Comparative advantages, taxes

Discussion in 'Economy' started by Baruch Menachem, Nov 20, 2010.

  1. Baruch Menachem
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    Baruch Menachem '

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    Every year Forbes publishes a tax misery index. It lists all the taxes the TOP marginal taxpayer would pay in each locale.

    There are lots of surprises here. China is the state with the highest tax rate.
    The US, for all the whining of us on the right, is actually pretty far down on the list. (though if we added in the cost of insurance, we might zoom way up...)


    the weakest European states are pretty near the top. (Greece and Spain and Portugal) As are powerhouses like Norway and Sweden. Israel, for all its socialist talk, is way down near the middle. Communist Vietnam is lower yet, not a whole lot higher than tax rates in Texas, supposedly very business friendly. And Russia is a great deal lower than that.

    Ireland is also in trouble, but it is pretty far down on the tax rates.

    An interesting part of the tax picture is the geezer support taxes, which are huge in some places, like Ukraine, mexico, china, pretty much all of europe except Switzerland. In Asia, South Korea, Vietnam, and Japan all have low Geezer support taxes, but cultural mores mean this is shifted on to the citizens in a very large way. In Asia, four generation households are normal. All this cost is a real part of the expense of raising a family, so there is a huge tradeoff here that we don't see. The US has the lowest taxes to support the elderly in the west. Even the UAE, which has no other taxes, still has higher geezer taxes than the US. In most places, this tax falls on the employer, rather than on the worker. In the US, it is equally shared. Israel and the UAE are kind of weird in that the employee pays the larger share.


    It is a cool chart.

    [​IMG]
     
  2. william the wie
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    william the wie Gold Member

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    Basically a bump, nice topic I would like to follow.
     
  3. loosecannon
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    loosecannon Senior Member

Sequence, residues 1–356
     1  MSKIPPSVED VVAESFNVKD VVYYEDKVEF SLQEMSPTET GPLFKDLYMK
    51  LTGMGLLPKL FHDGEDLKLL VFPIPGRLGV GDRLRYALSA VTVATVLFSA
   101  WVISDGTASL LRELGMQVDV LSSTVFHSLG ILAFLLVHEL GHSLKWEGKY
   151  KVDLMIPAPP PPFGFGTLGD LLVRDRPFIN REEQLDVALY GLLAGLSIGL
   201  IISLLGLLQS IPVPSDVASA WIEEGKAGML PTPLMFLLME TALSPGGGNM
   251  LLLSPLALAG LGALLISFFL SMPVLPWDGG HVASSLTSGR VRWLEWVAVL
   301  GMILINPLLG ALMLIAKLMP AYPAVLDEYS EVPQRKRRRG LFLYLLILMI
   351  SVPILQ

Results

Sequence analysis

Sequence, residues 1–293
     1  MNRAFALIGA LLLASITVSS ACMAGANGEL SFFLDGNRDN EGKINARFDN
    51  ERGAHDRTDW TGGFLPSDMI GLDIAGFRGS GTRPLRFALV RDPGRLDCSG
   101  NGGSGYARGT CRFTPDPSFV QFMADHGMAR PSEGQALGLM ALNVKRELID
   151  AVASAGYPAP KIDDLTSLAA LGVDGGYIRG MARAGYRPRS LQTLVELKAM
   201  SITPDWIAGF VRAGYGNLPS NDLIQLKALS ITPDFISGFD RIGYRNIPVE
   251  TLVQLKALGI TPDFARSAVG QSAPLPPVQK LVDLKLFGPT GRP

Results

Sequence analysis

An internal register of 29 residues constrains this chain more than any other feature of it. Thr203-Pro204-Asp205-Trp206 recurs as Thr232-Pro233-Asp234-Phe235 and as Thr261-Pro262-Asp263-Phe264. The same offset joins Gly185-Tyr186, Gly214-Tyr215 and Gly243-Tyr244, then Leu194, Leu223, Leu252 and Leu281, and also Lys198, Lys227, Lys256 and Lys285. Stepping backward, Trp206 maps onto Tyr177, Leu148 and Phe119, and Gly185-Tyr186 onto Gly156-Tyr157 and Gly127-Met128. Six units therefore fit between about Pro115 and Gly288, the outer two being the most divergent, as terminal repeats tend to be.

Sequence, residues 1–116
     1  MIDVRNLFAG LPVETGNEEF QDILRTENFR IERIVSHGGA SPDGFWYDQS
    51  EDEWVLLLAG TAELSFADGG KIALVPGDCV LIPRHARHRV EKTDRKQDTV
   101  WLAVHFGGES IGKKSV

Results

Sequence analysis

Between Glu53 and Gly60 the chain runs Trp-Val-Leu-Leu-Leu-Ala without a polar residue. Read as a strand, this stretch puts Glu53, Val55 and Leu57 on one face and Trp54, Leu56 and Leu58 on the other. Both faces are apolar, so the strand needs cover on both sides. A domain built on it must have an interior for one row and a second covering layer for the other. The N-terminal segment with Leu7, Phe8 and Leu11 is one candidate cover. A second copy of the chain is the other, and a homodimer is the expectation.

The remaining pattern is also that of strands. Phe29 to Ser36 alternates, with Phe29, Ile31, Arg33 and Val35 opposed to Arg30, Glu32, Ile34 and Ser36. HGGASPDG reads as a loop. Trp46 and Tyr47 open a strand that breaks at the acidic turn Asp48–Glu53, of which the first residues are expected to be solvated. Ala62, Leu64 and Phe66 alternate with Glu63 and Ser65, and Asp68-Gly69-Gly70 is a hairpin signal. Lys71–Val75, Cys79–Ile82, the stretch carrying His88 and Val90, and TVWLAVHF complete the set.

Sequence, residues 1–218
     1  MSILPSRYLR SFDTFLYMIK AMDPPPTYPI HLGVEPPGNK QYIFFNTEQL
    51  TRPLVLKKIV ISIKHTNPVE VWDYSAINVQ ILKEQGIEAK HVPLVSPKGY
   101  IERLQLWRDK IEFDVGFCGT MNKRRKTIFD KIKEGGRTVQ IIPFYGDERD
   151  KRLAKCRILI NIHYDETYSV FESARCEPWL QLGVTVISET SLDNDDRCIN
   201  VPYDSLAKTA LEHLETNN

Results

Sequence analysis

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    Nice chart, too bad the values are not expressed as some kind of % rather than as some mystery unit called "misery".

    Got a link to the source?
     
  4. Baruch Menachem
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    Baruch Menachem '

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    You can find it here, but all they have on this page is just the chart.

    There is a collection of charts here.

    One of the problems of the chart is it adds taxes on different income sources together, so you get numbers that are don't make a whole lot of sense, but the point of the exercise is to have some basis of comparison where countries are compared to each other

    Standardization is hard. The Economist tries to make for a standard idea with PPP and the big mac, but even here, getting a handle on reality is hard.
    [​IMG]

    PPP argues that a big mac should cost the same in all countires, but in china, labor costs for a worker are 40 cents an hour, in the US, wages are (net to the employer after taxes etc) somewhere in the region of $11 an hour. Though why the big mac costs nearly $6 in Brazil is a mystery. The big mac index assumes all inputs are pretty much equal. Which is just not the case. But this is best handle on currency issues I have yet seen
     
  5. loosecannon
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    loosecannon Senior Member

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    well this one is actually pretty good, Baruch

    [​IMG]
     
  6. Baruch Menachem
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    Baruch Menachem '

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    Would be cool to stack it against the unemployment rates
     
  7. antagon
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    antagon The Man

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    interesting, indeed. i wonder what explains the discrepancy between the OP chart and cannon's oecd-derived one. check out mexico.
     
  8. Baruch Menachem
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    Baruch Menachem '

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    They are both from Forbes.

    It is explained here.
     
  9. loosecannon
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    loosecannon Senior Member

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    2 years and the fact that the second chart didn't list MXs social security values?
     
  10. william the wie
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    william the wie Gold Member

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    Bribery is such a huge component of the Mexican economy that the tax bill is a joke.
     

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